20 Jun 2014

The Singing Lice (that are not lice)

Lepinotus patruelis, a common bark louse. Photo by David Jones
By Judy Wearing

“I think I have insects in my house,” the Bavarian woman living in England told the secretary at the Department of Zoology where I worked. “I hear these knocking sounds all the time. I think it is an insect. Do you have anyone who could come and check it out for me and tell me what it is?”
The deathwatch beetle, which hits its head against wood to call for a mate.
Photo by Josef Dvořák.
One candidate for the cause of the sounds she was hearing was the deathwatch beetle, a small insect with a hard head that burrows into wood beams. The beetle knocks on wood to attract mates, making a noise that sounds a little bit like a miniature woodpecker. People don’t want deathwatch beetles in their houses, because when the larvae burrow/eat their way into wood beams they leave tunnels behind. The tunnels weaken the beam and can cause structural damage.

I went to this woman’s house looking for another kind of insect, however. I was looking for Psocoptera, a group of tiny insects otherwise known as bark and book lice, or barkflies. Measuring from 1 to 2 millimetres in length, these obscure creatures are not lice at all, but rather distant cousins. They have long antennae, and many species lack wings. They feed on tiny bits of this and that: algae, crumbs of other insect carcasses, and fungal spores. They do not bite anything, and frankly, they can seem rather boring. You might find them on logs and tree trunks, the undersides of mushrooms, or other damp places – if you look closely enough. But, they are easy to ignore, and largely go unnoticed.
 
Trogium pulsatorium, whose mating call sounds like the ticking of a clock.
Some book and bark lice have a remarkable habit: they ‘sing’. One species, Trogium pulsatorium, creamy white from head to toe and small enough to fit on the end of a pin, produces a noise that sounds exactly like the ticking of a clock. I'm inclined to think this creature is the original deathwatch, rather than the woodpecker-like beetle. The death watch was a sound in people's houses that terrorized Medieval Britain. The ghostly ticking of a clock was thought to mark the final hours of someone in the household. The female bark louse makes this ticking noise by vibrating its abdomen. Like the noise of the deathwatch beetle, it is a mating call.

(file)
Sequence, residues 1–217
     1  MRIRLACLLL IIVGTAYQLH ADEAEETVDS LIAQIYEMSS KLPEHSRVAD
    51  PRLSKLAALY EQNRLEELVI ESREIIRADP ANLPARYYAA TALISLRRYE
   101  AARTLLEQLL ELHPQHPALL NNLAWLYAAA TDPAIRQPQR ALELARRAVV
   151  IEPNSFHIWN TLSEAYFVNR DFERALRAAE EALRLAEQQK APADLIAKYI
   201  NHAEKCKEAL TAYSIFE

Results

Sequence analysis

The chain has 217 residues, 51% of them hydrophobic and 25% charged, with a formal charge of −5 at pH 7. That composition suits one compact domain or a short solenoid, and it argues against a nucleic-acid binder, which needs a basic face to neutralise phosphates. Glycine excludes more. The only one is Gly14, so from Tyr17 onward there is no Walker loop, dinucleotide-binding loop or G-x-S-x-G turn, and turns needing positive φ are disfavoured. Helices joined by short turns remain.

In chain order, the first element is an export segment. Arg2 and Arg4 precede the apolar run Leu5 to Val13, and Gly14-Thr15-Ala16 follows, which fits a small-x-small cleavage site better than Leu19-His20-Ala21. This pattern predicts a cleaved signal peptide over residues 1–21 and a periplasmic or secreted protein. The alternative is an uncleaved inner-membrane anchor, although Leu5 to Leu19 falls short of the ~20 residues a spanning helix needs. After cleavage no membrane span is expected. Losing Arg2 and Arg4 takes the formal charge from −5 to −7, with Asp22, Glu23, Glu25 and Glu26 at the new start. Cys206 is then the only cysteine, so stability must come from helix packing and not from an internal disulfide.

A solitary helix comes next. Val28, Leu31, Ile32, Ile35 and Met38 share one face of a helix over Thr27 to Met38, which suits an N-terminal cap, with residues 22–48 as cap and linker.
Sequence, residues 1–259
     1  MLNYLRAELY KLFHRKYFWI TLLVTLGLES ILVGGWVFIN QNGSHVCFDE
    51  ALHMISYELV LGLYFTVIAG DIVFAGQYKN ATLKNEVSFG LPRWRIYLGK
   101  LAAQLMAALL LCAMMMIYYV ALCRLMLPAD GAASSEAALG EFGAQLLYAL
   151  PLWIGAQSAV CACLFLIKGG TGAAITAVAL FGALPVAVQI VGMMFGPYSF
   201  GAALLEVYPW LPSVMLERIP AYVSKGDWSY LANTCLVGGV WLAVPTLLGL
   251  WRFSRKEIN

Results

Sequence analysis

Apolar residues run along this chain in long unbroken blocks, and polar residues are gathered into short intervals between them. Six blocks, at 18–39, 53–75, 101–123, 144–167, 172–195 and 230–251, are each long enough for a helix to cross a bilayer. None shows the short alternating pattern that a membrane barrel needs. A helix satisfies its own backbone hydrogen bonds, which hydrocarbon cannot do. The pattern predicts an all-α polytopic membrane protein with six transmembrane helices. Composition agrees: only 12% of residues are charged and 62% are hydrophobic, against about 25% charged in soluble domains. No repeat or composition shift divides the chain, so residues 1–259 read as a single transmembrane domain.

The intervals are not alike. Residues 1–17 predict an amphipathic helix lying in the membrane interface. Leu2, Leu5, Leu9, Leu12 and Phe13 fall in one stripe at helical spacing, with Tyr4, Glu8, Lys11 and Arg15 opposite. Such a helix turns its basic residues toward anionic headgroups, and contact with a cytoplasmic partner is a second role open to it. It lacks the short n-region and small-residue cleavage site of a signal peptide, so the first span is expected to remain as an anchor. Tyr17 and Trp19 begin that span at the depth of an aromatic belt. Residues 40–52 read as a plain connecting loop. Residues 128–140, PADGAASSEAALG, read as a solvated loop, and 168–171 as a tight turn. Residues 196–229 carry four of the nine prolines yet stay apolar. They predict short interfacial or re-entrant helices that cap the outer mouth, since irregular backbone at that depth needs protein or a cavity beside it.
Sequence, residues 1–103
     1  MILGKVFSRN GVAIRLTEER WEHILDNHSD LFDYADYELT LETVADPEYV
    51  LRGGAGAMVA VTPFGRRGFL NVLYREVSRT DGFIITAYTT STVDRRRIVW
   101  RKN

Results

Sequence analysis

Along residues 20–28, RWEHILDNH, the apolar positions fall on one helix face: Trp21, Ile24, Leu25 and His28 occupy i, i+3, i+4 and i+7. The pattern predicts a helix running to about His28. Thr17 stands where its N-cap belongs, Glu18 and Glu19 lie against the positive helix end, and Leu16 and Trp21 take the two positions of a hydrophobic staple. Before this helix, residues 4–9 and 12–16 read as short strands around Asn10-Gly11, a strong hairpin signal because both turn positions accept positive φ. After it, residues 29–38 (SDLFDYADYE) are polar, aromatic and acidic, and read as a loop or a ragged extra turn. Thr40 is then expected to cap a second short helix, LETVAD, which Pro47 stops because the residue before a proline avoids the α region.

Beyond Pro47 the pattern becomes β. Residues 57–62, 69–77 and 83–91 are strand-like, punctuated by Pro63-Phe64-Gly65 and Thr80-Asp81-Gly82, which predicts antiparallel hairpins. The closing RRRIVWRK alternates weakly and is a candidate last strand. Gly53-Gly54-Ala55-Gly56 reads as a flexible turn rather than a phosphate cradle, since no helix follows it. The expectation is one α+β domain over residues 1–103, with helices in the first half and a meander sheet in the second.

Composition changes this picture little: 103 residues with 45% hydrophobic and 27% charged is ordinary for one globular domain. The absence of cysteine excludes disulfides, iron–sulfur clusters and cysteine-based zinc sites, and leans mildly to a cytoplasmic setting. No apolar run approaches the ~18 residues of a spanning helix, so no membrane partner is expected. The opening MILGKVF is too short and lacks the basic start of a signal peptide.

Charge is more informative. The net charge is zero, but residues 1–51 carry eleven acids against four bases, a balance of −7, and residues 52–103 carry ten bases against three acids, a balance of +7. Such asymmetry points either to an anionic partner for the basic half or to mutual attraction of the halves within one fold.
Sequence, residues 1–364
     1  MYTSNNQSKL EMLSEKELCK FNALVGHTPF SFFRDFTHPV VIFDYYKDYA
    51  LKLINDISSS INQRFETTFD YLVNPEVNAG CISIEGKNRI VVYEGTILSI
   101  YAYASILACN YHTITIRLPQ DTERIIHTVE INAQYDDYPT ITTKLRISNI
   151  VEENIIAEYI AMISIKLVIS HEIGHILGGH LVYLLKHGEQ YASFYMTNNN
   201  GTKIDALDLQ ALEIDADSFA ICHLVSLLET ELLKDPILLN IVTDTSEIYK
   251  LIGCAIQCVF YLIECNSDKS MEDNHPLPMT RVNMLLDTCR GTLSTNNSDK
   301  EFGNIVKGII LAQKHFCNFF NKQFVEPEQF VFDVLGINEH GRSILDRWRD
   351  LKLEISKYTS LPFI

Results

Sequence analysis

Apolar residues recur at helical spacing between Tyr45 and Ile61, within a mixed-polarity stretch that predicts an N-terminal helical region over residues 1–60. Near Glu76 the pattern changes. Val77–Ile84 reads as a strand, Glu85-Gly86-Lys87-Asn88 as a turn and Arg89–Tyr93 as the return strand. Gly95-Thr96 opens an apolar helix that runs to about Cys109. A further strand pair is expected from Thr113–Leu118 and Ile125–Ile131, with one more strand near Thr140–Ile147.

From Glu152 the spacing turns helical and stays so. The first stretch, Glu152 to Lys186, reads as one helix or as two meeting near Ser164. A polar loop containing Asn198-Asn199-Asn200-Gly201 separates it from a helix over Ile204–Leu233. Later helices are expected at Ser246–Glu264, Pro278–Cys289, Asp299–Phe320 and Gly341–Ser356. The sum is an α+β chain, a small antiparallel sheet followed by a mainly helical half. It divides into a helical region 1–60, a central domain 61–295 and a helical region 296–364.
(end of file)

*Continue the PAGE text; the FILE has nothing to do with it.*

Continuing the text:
Lepinotus patruelis female, who 'sings' to attract mates by vibrating her abdomen.
Photo by David Jones
Another singing barklouse, Lepinotus patruelis, is slightly more colourful. Females are dark brown, and nearly 2 mm in length, so their rear ends might dangle off the head of a pin. The males are smaller and golden brown. In this species, when males vibrate their abdomens, they make a sound like a quacking duck. Quack, quack, quack – four to six times. They do this several times a minute when calling for a mate. When females vibrate their abdomens, they make a series of clicks like dragging a fingernail across the teeth of a comb. The ‘songs’ are used by both males and females to attract mates. Both sexes, especially females, keep singing when a mate draws near. And females seem to compete with each other, just like male crickets do, by singing at each other in the presence of a male. To hear these noises in the laboratory, I used a listening device, a sound magnifier, sold at a local electronics shop. The insects are pretty tiny, so it is not surprising that their sounds are not audible to the naked ear. If, or how, the Bavarian woman could hear these insects added to the mystery.

I searched out places in her main rooms where these bark lice might hide. In the kitchen, around the counter there were lots of bread crumbs and some mold spores in the corners of the window sill. In the living room, there were plenty of tropical house plants, and the air was warm and moist. Perfect conditions for these insects: damp with lots of food. As I sat on the sofa with a cup of tea in hand, I heard the sound of a fingernail running across a comb. I listened and heard it again. It was a female Lepinotus patruelis, calling to attract a mate.

And I could hear it loud and clear! I followed the persistent noises to a large tropical plant in the corner, and began searching among the leaves. I found her nestled in the crux of a large, curved leaf – she had found a natural amplifier and was using it to broadcast her song to the whole room.

This feat, of finding an amplifier to broadcast their sound makes these bark lice the smallest known creature to make an audible noise (to my knowledge). But this broadcasting skill is not the only unusual feature of the singing behaviour. It is also highly unusual for females of any species to be the ones calling for mates, let alone competing in 'singing competitions.' But that is another story, for another blog.

References:
Wearing, J. (1996) Reproductive biology of Lepinotus patruelis (Psocoptera): Implications for courtship theory. (Unpublished doctoral dissertation) University of Oxford, UK.

Death Watch Beetle (Xestobium rufovillosum)

http://www.arkive.org/death-watch-beetle/xestobium-rufovillosum/video-09a.html

1 comment:

Alexander Déboir said...

Hello :) i hear the same noises every day! I live in a small flat in germany, stuttgart and thought it was something behind the wall. On some day i hear the "quack" noise near my bed and found a very small dark brown insect. And this insects make the noise. I can hear it because they use different locations for example plastic bags or cartons and then i can hear them. It seems they love old paper, cartons etc.
Sometimes i can hear the click noise too....
But this duck noises are the worst. I ask people in german insect forums but nobody answered so it seems that they think this noises doesnt exist. You should write it down on wikipedia so maybe other people hear this noises too but nobody can help them